Why is Apple called Apple? (And not Cherry)
Why is Apple called Apple? To answer this question, we’ll have to go back in history…
Snow White, Adam & Eve and Macintosh Computers
Dan Redding is an expert arts and crafts’ tutor and a writer at Magnetic State Design Studios. He used to teach teenagers and in one lesson he admits to liking because it almost always baffled the students, he would ask his audience if they had Apple computers or phones and what they thought of the logo.
The conversation would go on to find out where else an apple fruit features very dominantly, and the teenage students would call out the Disney smash hit, Snow White, almost unanimously.
Dan would have to ask his class to name another story that features an apple fruit as the main actor or something like that. After a couple of minute’s silence, and a couple of cues to help along, The Bible would come up.
That story about the fruit that the first man and woman, Adam and Eve, took a bite out of. And sure enough, the Apple Inc. logo indicates a fruit that resembles more of an apple than a cherry and was officially designed by Rob Janoff in 1977 for the pioneer Macintosh computer.
What it means according to the gospel of Steve Jobs
Much has been said about the origins and continuing inspiration for the Apple Inc brand name and similarly designed logo, well, except for the bite part.
According to former and legendary Apple Chief, Steve Jobs, in his official bibliography by Walter Isaacson, he was smack in the middle of a fruitarian diet when he thought applying the name would be “fun, spirited, and not intimidating”.
And those are indeed some of the words to use to describe the Apple Company—not to forget its cult-like following. In fact, according to files of the original Apple logo, it showed Physicist Isaac Newton sitting under an Apple tree, a clear reference to his Gravitational Pull Law.
Could Apple have been insinuating to its mass appeal?
The fact that there’s a bite taken out of it in the current Apple logo may very well allude to lust and knowledge.
In fact, former Apple executive, Jean-Louis Gasee, called the apple a “symbol of lust and knowledge”. Yet, Rob Janoff, the designer of the Apple logo, has said before that he included the bite to differentiate it from people referring to it as a cherry.
But according to Dan, then the name must have a dual-meaning or more to it than meets the eye. He believes that the naming and logo represent people’s use of their computers to acquire knowledge and hence their role in enlightening the world population.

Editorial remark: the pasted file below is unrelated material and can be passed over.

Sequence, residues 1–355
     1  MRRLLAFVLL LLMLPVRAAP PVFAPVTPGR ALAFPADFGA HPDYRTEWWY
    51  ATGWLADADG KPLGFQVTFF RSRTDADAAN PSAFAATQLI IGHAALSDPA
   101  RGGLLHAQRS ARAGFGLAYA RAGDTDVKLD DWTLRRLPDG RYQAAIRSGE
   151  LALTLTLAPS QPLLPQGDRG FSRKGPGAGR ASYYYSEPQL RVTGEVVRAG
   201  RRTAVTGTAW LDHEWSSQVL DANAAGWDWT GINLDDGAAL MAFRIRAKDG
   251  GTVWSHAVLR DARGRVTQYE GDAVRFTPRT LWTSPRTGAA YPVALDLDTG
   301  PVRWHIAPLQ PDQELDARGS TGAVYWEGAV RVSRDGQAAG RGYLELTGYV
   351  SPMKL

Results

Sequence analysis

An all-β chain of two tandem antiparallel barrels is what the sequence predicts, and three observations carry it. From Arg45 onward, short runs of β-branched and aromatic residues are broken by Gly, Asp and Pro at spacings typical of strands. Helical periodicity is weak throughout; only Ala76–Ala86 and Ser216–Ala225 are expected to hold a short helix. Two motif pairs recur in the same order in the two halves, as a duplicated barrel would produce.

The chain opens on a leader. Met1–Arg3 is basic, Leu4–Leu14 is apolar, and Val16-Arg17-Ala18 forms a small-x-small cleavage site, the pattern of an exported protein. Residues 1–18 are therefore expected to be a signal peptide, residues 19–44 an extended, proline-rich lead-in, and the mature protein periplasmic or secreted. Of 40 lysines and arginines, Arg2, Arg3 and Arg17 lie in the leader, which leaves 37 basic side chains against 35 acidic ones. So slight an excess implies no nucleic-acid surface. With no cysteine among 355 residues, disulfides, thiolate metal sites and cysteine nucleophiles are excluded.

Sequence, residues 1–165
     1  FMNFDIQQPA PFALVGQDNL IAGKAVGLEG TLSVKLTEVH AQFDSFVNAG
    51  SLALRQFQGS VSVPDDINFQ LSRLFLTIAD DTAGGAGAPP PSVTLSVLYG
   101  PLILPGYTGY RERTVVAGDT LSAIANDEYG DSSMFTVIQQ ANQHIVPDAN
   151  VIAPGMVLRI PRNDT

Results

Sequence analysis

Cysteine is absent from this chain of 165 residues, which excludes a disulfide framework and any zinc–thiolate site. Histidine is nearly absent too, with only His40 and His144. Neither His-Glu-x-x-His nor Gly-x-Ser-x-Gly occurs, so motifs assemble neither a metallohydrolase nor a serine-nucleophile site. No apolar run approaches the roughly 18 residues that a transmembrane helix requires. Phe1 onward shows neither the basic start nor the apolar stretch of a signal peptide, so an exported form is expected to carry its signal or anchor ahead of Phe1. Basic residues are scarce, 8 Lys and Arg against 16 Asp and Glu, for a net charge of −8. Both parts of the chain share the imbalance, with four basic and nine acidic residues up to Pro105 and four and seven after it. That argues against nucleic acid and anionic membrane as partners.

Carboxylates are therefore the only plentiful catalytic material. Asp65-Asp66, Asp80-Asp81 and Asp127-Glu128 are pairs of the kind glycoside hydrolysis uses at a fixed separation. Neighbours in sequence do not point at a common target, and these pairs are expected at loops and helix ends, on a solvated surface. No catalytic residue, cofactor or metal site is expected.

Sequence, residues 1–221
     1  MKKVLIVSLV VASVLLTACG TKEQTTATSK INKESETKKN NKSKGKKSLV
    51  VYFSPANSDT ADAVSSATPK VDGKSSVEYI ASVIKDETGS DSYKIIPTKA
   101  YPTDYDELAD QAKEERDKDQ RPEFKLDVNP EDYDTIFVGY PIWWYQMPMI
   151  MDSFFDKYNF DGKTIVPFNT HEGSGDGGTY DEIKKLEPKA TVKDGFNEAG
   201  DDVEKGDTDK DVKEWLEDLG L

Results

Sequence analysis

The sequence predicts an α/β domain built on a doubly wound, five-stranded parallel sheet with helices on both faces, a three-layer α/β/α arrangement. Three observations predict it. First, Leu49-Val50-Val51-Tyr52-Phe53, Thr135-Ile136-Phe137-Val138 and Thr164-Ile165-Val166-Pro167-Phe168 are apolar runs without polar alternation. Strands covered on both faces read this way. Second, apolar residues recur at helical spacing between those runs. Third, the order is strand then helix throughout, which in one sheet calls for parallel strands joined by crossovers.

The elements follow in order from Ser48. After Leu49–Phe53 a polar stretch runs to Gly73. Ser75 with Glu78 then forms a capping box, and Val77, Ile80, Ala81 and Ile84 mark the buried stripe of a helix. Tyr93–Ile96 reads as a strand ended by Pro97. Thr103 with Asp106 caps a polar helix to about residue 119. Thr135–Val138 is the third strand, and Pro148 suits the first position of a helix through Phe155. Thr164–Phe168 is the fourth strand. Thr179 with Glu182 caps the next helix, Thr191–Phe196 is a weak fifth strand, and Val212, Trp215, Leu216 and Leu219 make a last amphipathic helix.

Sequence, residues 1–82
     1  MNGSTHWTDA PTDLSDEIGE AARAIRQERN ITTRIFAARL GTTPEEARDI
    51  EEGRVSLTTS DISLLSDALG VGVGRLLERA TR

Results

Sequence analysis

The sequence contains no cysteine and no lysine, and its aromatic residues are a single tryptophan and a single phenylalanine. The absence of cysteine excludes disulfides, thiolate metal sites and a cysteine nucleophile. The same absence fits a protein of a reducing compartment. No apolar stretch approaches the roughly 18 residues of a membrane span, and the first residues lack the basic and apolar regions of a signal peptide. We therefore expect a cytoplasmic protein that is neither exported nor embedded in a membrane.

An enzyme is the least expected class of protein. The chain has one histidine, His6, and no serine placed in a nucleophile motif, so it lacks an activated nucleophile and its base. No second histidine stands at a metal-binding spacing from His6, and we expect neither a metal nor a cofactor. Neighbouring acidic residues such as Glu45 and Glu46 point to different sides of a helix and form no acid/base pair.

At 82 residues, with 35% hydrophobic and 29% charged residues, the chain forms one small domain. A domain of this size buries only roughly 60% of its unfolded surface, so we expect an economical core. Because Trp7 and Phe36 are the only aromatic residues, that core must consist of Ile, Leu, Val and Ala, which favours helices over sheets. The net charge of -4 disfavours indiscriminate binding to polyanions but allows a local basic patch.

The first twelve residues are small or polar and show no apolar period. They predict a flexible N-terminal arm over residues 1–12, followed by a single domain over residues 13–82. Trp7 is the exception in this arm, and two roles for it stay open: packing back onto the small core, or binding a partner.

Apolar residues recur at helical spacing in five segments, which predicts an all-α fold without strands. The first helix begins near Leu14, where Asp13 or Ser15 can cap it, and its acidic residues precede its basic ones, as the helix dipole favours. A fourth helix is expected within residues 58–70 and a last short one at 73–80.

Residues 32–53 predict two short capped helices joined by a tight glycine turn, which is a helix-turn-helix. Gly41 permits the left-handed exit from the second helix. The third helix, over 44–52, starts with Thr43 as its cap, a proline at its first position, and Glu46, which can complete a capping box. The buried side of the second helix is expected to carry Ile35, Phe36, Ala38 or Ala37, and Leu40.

That, because the apple that Adam and Eve took a bite out of was the fruit of knowledge, which when they ate became enlightened and realized they were naked (even though the Bible only refers to the legendary fruit as just fruit’).
Apparently, the bite was what led to humans to acquire the all-important knowledge of differentiating between good and evil, becoming not only moral but also intelligent—enlightened.
Since the original name and logo launched, the company is particularly very protective of the two. Though of course, we’ve all witnessed what Steve Jobs could do to guard an Apple patent—Samsung Electronics would know better.
To him, the Apple was not just a fruit despite saying the simple and cool adverbs attached to the name inspired the naming rite.
According to thinkers such as Dan, the depth of the name and centuries’ worth of history and mythological significance held in an apple and its depiction, may be the reason to explain the fierce protection and safeguarding of the name.
There are a whole lot more classes of thoughts on what the Apple brand name and logo mean. Some claims are downright hilarious, others point to a rather conspiracy theorist perspective, yet others, such as Dan Redding’s perspective, seem quite appealing when analyzed objectively.
Why is Apple called Apple?
Both are interesting, yet contrasting takes. The fact remains that Apple is arguably one of the biggest and most influential technological powerhouses of our times. With roots spreading to all the four corners of the globe, there is bound to be a proliferation of all sorts of theories why Jobs settled for just ‘Apple.
Well, for us, we’ll leave you to determine what makes more sense, or cents. Or you may choose to let your thoughts be heard in the comments section below.
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